- Jonathan Dean, leader of Nova Scotia's Atlantica Party.
As far as Jonathan Dean is concerned, Nova Scotians have two choices come election day: Vote for the “status quo,” or vote for change. He believes the Atlantica party is the only way to achieve the latter.
“If I was a candidate in this election and I had to go door-to-door for the Liberals,” he says, “or the NDP, or any one of the status quo parties—I think I’d shoot myself, honestly.”
“You definitely shouldn’t be earning what is above, probably, the 75th percentile, 80th percentile of salaries in the province,” says Dean.
This provincial election is the first time people will be running as official Atlantica candidates. The party wasn’t registered with Elections NS in 2013, meaning Dean and two other members were listed as independents.
Atlantica started in 2005 as a “political action group” of just three people. Dean, a graduate of Dalhousie University, had left behind a job in Toronto to return to Nova Scotia—“because I love it here,” he says—and become more involved
“We went, ‘Well, we can have an advocacy group and get together and have a convention once a year but that’s gonna be akin to sort of writing letters to the editor.’”
And that’s not a shot at the media, Dean clarifies. The press has “a really, really important role to play. But at the end of the day, you don’t have the institutional power that the legislature should have.”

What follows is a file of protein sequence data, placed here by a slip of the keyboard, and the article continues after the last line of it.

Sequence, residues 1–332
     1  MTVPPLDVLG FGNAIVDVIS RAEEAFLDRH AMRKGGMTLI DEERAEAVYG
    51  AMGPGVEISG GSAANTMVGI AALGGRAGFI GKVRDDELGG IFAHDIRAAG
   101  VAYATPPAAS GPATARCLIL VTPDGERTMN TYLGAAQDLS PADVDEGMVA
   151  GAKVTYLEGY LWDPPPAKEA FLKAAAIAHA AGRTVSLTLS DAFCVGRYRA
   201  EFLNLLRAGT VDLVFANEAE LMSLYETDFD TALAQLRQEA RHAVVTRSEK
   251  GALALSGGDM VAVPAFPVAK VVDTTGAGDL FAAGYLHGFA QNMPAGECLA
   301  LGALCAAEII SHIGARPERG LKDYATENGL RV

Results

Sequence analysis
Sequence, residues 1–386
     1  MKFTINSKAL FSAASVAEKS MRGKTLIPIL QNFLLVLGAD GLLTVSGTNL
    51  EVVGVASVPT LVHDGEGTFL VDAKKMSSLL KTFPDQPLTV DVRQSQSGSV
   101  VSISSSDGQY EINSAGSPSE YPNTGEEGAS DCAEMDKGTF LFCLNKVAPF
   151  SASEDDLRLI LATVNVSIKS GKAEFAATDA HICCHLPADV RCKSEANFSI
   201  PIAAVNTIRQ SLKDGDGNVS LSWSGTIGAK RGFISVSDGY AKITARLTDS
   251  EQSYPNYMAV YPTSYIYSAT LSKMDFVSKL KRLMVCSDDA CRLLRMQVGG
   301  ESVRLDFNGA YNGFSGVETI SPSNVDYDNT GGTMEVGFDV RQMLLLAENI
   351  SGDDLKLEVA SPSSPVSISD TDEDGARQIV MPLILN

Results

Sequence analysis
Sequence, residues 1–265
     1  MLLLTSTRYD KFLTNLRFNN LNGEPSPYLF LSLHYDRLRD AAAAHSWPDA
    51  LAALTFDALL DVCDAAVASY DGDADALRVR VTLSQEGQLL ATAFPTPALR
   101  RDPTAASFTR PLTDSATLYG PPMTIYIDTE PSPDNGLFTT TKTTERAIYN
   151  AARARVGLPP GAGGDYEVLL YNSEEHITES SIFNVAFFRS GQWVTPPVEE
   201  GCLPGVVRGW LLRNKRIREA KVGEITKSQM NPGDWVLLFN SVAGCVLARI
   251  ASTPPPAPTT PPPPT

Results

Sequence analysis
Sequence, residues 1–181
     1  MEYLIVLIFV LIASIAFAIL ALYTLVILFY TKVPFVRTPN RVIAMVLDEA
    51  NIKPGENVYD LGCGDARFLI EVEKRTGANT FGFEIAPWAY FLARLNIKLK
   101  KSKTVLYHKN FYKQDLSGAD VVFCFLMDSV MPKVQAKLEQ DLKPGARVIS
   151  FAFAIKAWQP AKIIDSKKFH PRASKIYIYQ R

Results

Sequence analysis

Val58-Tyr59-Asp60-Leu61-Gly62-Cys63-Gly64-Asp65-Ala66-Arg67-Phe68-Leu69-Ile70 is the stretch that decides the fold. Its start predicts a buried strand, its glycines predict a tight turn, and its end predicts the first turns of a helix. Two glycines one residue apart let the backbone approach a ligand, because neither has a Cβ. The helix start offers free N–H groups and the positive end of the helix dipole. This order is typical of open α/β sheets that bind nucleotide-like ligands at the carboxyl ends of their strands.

A lack of institutional power aside, the party has a thirst for media coverage. For better or worse, Atlantica isn’t shy about asking for attention. Party representatives called Metro Halifax out on Twitter, accusing the outlet of “actively excluding” them from the election coverage.
A follow-up press release proclaimed “The new parties are NOT fly-by-night operations unworthy of exposure.” The next day, party members again took to social media to ask CBC why Atlantica and the Greens were left out of the leaders’ debate.
According to Dean, all but two of Atlantica’s 15 candidates have never been involved in politics before. The party’s made up of entrepreneurs, small business owners and homemakers—along with failed HRM mayoral candidate David Boyd, who’s running in Dartmouth North and apparently planning to release a line of men’s cosmetics in the fall, because why not?
“There’s a lot of learning involved, but I’d rather have the regular person who’s passionate about change any day of the week over
Dean believes the only way to incite real change is to pass policies, hence the ultimate decision to turn his movement into a political party. It took a few years of recruiting and drinking “a lot of coffee with a lot of people down around downtown Halifax” to get the party to where it is now, he says.
“Heck, I did public speeches out in front of the old library,” Dean adds. “People are eating their lunch, I’d get up and do a speech right there out in the open. So, you do that enough, you eventually come across people.”
But he has no illusions about what’s going to happen on May 30. Atlantica’s in it to win it, but that’s going to be a multi-election process. As it stands, Dean just wants people to know Atlantica exists.
“I would love it
After the election, the next step is to raise the party’s credibility. Dean is planning to field a “full slate” of candidates next election. Even if they achieve that, it might be a while yet before they’re taken seriously enough to be on the CBC stage.
“This is the thing I’m most proud of and nobody can take this away from us no matter what happens,” Dean says. “On election day, at least 15 ridings are gonna have an actual choice, for the first time in decades.”
———The Atlantica platform
-Make MLAs recallable, so voters can petition to have representatives removed from office, as is the current model in British Columbia.
-End corporate welfare by
-Eliminate (sell) the Nova Scotia Liquor Commission.
-Lower taxes for individuals; no tax on businesses.
-Lower MLA salaries and slash MLA pensions.